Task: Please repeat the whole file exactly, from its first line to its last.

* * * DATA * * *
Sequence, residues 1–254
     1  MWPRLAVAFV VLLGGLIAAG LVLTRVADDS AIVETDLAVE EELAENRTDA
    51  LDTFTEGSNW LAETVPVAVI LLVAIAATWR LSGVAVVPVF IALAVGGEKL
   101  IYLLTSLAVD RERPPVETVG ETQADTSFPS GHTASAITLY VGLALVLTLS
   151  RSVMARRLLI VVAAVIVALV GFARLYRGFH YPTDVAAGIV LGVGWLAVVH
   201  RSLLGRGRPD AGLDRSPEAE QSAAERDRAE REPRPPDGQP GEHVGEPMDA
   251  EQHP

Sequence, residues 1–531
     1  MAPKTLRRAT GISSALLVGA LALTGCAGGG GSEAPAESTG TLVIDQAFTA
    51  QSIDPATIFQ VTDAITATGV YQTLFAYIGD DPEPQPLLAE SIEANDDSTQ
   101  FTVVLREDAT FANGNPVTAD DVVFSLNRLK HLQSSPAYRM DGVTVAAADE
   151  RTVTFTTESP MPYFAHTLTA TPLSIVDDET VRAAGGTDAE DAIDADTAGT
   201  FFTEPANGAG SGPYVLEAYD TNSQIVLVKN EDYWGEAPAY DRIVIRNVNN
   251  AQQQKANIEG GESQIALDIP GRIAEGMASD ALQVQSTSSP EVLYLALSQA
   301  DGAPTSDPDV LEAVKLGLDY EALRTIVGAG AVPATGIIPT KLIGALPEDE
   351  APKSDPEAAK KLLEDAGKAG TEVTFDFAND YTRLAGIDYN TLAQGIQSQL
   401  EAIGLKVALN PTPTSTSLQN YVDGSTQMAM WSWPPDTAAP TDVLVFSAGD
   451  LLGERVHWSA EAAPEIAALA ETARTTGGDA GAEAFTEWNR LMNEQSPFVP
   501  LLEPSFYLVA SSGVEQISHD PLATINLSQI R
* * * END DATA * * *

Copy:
Sequence, residues 1–254
     1  MWPRLAVAFV VLLGGLIAAG LVLTRVADDS AIVETDLAVE EELAENRTDA
    51  LDTFTEGSNW LAETVPVAVI LLVAIAATWR LSGVAVVPVF IALAVGGEKL
   101  IYLLTSLAVD RERPPVETVG ETQADTSFPS GHTASAITLY VGLALVLTLS
   151  RSVMARRLLI VVAAVIVALV GFARLYRGFH YPTDVAAGIV LGVGWLAVVH
   201  RSLLGRGRPD AGLDRSPEAE QSAAERDRAE REPRPPDGQP GEHVGEPMDA
   251  EQHP

Sequence, residues 1–531
     1  MAPKTLRRAT GISSALLVGA LALTGCAGGG GSEAPAESTG TLVIDQAFTA
    51  QSIDPATIFQ VTDAITATGV YQTLFAYIGD DPEPQPLLAE SIEANDDSTQ
   101  FTVVLREDAT FANGNPVTAD DVVFSLNRLK HLQSSPAYRM DGVTVAAADE
   151  RTVTFTTESP MPYFAHTLTA TPLSIVDDET VRAAGGTDAE DAIDADTAGT
   201  FFTEPANGAG SGPYVLEAYD TNSQIVLVKN EDYWGEAPAY DRIVIRNVNN
   251  AQQQKANIEG GESQIALDIP GRIAEGMASD ALQVQSTSSP EVLYLALSQA
   301  DGAPTSDPDV LEAVKLGLDY EALRTIVGAG AVPATGIIPT KLIGALPEDE
   351  APKSDPEAAK KLLEDAGKAG TEVTFDFAND YTRLAGIDYN TLAQGIQSQL
   401  EAIGLKVALN PTPTSTSLQN YVDGSTQMAM WSWPPDTAAP TDVLVFSAGD
   451  LLGERVHWSA EAAPEIAALA ETARTTGGDA GAEAFTEWNR LMNEQSPFVP
   501  LLEPSFYLVA SSGVEQISHD PLATINLSQI R